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Meeting of the States parties to the 1980 Convention on Prohibitions or Restrictions on the Use of Certain Conventional Weapons which may be Deemed to be Excessively Injurious or to Have Indiscriminate Effects

27-11-2003 Statement

Statement by Jacques Forster, vice-president of the International Committee of the Red Cross, Geneva, 27 November 2003.

Thank you Mr. Chairman,

This has been a good two weeks for the Convention on Certain Conventional Weapons. On 18 November, Norway became the twentieth State to deposit its ratification of the Amendment to Article 1 of the Convention which extends the scope of the Convention and its protocols to non-international armed conflict. As a result, the Amendment will enter into force on 18 May 2004. The International Committee of the Red Cross (ICRC) welcomes the rapid entry into force of this Amendment which is an important extension of international humanitarian law ensuring that the protections of the Convention apply to the many non international armed conflicts which are so prevalent today. We urge all States that have not yet done so to become parties to this landmark amendment.

In addition, the successful conclusion of negotiations on a new protocol on explosive remnants of war will extend the protections of this Convention into the post-conflict period where there is no justification for the ongoing loss of civilian lives. The ICRC is grateful for the seriousness with which States Parties have taken its testimony, and that of other humanitarian organisations, about the terrible human and social costs of explosive remnants of war – costs which increase with every new conflict and every day of continued fighting. This achievement is a testimony to your leadership and the skill of the coordinators, Ambassador Chris Sanders and Minister Peter Kolarov with whom it has been a pleasure for the ICRC delegation to work.

The ICRC welcomes the new protocol on explosive remnants of war which is an important addition to the fabric of international humanitarian law. It is the first international treaty requiring the parties to an armed conflict to clear all unexploded and abandoned ordnance that threaten civilian populations once the fighting is over. Until now it has been civilians who have unjustly paid the price for the presence of these devices. With the adoption of this protocol States have recognized that parties to a conflict have a responsibility to clear explosive remnants of war or to assist in such clearance so as to eradicate the threat they pose to civilians. It is no longer permissible for parties to simply walk away from the post-conflict consequences of the munitions they have used.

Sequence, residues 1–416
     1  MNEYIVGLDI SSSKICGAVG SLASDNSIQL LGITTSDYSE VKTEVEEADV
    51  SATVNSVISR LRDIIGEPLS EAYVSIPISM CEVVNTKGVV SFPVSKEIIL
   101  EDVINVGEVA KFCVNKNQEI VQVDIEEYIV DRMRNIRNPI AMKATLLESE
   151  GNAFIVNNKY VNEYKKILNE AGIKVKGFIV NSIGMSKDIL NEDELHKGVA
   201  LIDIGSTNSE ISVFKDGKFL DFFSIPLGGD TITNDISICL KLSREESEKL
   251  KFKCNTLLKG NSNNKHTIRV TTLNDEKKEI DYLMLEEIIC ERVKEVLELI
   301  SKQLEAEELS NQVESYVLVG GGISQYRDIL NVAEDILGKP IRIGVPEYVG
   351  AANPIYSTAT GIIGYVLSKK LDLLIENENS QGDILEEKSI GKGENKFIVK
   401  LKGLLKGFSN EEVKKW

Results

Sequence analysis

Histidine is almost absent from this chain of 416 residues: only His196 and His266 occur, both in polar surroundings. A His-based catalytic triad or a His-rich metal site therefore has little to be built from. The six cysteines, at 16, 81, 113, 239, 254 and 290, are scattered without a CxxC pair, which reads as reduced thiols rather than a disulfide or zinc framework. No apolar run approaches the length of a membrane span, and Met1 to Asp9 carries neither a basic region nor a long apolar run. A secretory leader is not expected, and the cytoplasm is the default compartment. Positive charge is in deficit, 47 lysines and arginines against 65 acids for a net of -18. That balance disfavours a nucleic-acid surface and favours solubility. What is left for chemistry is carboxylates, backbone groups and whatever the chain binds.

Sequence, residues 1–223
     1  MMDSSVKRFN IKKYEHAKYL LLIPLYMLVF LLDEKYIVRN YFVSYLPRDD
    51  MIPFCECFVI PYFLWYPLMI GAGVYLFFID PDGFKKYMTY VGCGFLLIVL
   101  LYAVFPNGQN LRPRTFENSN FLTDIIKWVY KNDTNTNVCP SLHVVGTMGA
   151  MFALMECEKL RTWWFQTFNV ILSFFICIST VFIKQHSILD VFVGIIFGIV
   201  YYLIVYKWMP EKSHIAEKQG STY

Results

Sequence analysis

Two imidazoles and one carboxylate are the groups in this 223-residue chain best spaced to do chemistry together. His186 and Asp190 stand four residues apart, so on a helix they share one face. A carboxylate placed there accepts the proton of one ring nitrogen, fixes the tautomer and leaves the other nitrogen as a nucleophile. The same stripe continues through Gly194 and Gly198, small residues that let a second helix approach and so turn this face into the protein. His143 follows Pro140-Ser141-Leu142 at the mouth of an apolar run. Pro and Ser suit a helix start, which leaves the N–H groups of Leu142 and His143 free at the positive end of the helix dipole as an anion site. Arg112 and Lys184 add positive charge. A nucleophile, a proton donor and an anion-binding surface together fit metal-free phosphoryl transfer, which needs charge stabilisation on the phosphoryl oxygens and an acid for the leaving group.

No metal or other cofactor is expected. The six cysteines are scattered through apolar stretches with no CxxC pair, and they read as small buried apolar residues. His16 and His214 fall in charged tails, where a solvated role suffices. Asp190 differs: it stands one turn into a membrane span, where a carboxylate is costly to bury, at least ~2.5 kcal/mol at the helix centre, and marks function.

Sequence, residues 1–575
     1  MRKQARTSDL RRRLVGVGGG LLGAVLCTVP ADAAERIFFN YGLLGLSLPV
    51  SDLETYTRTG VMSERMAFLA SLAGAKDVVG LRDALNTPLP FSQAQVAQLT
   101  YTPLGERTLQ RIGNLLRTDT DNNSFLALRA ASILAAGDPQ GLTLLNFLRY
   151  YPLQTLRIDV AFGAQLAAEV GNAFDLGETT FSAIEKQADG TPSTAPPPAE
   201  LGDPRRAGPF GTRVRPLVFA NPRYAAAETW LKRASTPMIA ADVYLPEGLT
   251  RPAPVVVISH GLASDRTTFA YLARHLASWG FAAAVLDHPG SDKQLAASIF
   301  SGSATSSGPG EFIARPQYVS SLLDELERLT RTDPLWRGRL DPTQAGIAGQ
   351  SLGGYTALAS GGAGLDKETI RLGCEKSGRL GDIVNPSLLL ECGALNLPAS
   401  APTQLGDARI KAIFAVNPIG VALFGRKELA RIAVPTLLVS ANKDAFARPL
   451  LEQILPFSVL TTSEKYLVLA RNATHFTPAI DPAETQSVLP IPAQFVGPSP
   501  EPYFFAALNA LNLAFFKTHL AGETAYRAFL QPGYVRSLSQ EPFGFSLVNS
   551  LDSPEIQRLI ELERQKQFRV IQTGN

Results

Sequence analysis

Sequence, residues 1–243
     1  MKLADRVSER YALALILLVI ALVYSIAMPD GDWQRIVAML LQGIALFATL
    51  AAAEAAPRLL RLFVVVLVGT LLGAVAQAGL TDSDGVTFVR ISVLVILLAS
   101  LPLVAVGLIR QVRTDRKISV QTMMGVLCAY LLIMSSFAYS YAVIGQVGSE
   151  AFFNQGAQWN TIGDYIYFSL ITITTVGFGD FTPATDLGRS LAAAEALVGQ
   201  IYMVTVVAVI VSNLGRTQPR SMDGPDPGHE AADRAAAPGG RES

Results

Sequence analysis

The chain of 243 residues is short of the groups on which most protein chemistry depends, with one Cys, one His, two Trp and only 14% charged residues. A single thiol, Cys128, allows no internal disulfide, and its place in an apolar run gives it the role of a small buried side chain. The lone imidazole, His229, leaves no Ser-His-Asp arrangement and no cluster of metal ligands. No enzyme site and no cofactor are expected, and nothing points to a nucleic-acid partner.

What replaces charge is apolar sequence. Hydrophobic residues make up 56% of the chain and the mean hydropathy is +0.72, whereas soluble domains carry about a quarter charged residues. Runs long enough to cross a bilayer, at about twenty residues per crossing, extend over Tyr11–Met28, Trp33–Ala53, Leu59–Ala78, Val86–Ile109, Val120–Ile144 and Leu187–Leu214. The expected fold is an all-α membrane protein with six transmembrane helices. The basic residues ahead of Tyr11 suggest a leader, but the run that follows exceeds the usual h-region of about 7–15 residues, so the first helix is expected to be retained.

Like many, we would have liked stronger wording in a number of the protocol's provisions. Nevertheless, we believe that the protocol establishes vital rules to ensure that explosive remnants of war are rapidly cleared following the end of hostilities; that information is shared with organizations engaged in clearance or risk education; and that warnings on dangers of explosive remnants of war are promptly provided to civilians in affected areas. With the faithful implementation of these rules, the risks posed by explosive remnants of war will be progressively reduced and civilian lives and limbs will be saved.
While the Protocol on Explosive Remnants of War will primarily provide relief after future conflicts, it is equally important not to forget the communities currently affected by ERW. The moral and humanitarian concerns which have motivated these efforts certainly apply to the current massive problem of ERW contamination worldwide. And the new protocol provides a clear road-map of what needs to be done. We urge all States to make a priority of mobilising the resources needed to address the existing scourge of ERW, even as you proceed with ratification of the new ERW Protocol.
The ICRC hopes that States Parties to the CCW will build upon the success of its work on explosive remnants of war to make further progress on the additional issues on its agenda. We believe that action is urgently needed on anti-vehicle mines and submunitions and expect that substantial progress can be made on both of these issues next year.
In closing, the ICRC believes that the new protocol on explosive remnants of war can make a significant contribution to minimizing civilian suffering arising in the aftermath of war. It is a testimony to the important role the CCW can play in addressing major humanitarian problems related to weapons. As we have done for other advances in international humanitarian law, the ICRC will promote the protocol and develop materials to assist States in their process of ratification and implementation. We urge all States to begin their internal process leading to adherence to the protocol as soon as possible. Only when its rules become the practice of all States and armed forces will the work of this meeting of States Parties – the work of sparing civilians from the scourge of ERW - be achieved.
Thank you Mr. Chairman.

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